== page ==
Scientists call for infiltration to be better incorporated into land surface models
Soil scientists can't possibly be everywhere at once to study every bit of soil across the planet. Plus, soils are constantly changing.
Conditions like weather and land use have a major impact on soil over time. So, to understand everything about soil, we would need to be continuously studying soil around the world. Since this isn't possible, soil scientists are turning to math to predict what happens at the soil's surface.
Soil models—just like economic models—are helpful to predict trends and make suggestions. An example might be the impact of climate change on water processes in the soil. Models help fill in the gaps of measured data.
Since soil is a complex environment, a soil model consists of many pieces that represent different processes. One important aspect of soil models—how water interacts with soil at the land surface—was recently discussed by a group of almost 30 scientists. Their work was recently published in Vadose Zone Journal.
Water infiltration at the land surface is a crucial area of study. Infiltration refers to what fraction of the water is getting absorbed by the soil. Being able to predict if precipitation will run over the soil surface or soak in is crucial in land management decisions. If affects aspects of land management like erosion control. It is also important in making sure we have a safe and clean water supply. Land surface models can help scientists predict and simulate the water and energy cycles from the soil's surface into the atmosphere.
Each piece of a land surface model is important. The study team found that information about infiltration warrants more attention in land surface models.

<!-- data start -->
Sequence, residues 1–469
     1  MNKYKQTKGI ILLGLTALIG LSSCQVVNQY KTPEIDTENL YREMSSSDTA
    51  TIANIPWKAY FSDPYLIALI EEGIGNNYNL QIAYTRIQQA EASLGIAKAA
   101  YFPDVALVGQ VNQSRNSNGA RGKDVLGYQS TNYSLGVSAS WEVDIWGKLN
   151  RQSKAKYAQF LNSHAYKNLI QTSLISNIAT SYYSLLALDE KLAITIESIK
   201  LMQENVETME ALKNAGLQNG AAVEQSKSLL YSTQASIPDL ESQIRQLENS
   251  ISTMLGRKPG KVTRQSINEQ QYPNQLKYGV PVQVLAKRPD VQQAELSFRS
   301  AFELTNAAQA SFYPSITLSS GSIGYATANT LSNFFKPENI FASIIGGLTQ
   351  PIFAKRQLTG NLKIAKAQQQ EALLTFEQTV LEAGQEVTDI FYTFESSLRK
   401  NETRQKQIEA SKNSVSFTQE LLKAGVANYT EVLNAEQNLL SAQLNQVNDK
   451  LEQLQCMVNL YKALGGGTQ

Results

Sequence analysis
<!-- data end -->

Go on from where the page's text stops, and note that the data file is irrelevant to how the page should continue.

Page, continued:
In order to be truly useful, land surface models need to include loads of information. This includes soil structure, soil moisture and temperature, precipitation, terrain, plants, and more. Scientists use the information to calculate the Earth's climate or see how land use changes may affect it.
Harry Vereecken, Forschungszentrum Jülich in Germany, was the lead author of this effort. "The review found important gaps in the current treatment of infiltration processes in land surface models," says Vereecken. "Current models don't account for the effect of structural properties on soil water dynamics. Also, we saw the lack of a consistent framework to upscale infiltration processes from different scales and the large diversity in approaches to describing them."
The group is calling on scientists to work together and lend their skills to better include this information in land surface models. This is so the models better reflect the reality of what's happening at the Earth's surface.
Their review was a way to compile scientific research from over a long period of time and give suggestions about where soil scientists should focus their efforts next. In looking over lots of research, they found there's no consistent way to predict infiltration. They also found that some aspects of soil that affect infiltration are often ignored.
"The climate and Earth sciences community typically operate at a larger scale than the soil science community," Vereecken explains. "Soil scientists have mostly worked at smaller scales, such as plot to field scale to study processes and often did not include atmospheric processes in their studies. We wanted to write about the importance of these communities coming together. This is the first review ever that addressed the handling of infiltration processes in these models."
He adds that they hope their work provides a common understanding about how infiltration processes are dealt with in land surface models. While it can be difficult to quantify these complex processes and combine them into larger models, it's important in studying the state of the planet. Both groups need each other. Without soil scientists working on a smaller scale, others won't have data for their models.
"Because soil exerts a key control on climate-related processes, it can add relevance to the research we are doing as soil scientists," Vereecken says. "We hope this can serve as a kind of reference paper for other scientists and connect those that work on different aspects of land surface models."